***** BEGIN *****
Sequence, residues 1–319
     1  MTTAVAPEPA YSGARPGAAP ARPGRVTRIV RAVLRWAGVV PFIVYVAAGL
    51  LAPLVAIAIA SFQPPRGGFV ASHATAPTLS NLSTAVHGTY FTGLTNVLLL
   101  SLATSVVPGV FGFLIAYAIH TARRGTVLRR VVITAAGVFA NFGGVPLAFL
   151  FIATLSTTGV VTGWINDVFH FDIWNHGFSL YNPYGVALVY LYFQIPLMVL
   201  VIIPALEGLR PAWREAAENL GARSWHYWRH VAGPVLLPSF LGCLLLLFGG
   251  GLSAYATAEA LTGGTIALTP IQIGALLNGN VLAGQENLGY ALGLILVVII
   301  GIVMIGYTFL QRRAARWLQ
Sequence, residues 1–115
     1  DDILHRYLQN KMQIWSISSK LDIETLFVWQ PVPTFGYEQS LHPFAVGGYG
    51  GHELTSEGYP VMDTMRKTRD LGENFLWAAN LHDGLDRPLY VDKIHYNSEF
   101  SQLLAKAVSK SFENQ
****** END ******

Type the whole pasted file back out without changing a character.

Sequence, residues 1–319
     1  MTTAVAPEPA YSGARPGAAP ARPGRVTRIV RAVLRWAGVV PFIVYVAAGL
    51  LAPLVAIAIA SFQPPRGGFV ASHATAPTLS NLSTAVHGTY FTGLTNVLLL
   101  SLATSVVPGV FGFLIAYAIH TARRGTVLRR VVITAAGVFA NFGGVPLAFL
   151  FIATLSTTGV VTGWINDVFH FDIWNHGFSL YNPYGVALVY LYFQIPLMVL
   201  VIIPALEGLR PAWREAAENL GARSWHYWRH VAGPVLLPSF LGCLLLLFGG
   251  GLSAYATAEA LTGGTIALTP IQIGALLNGN VLAGQENLGY ALGLILVVII
   301  GIVMIGYTFL QRRAARWLQ
Sequence, residues 1–115
     1  DDILHRYLQN KMQIWSISSK LDIETLFVWQ PVPTFGYEQS LHPFAVGGYG
    51  GHELTSEGYP VMDTMRKTRD LGENFLWAAN LHDGLDRPLY VDKIHYNSEF
   101  SQLLAKAVSK SFENQ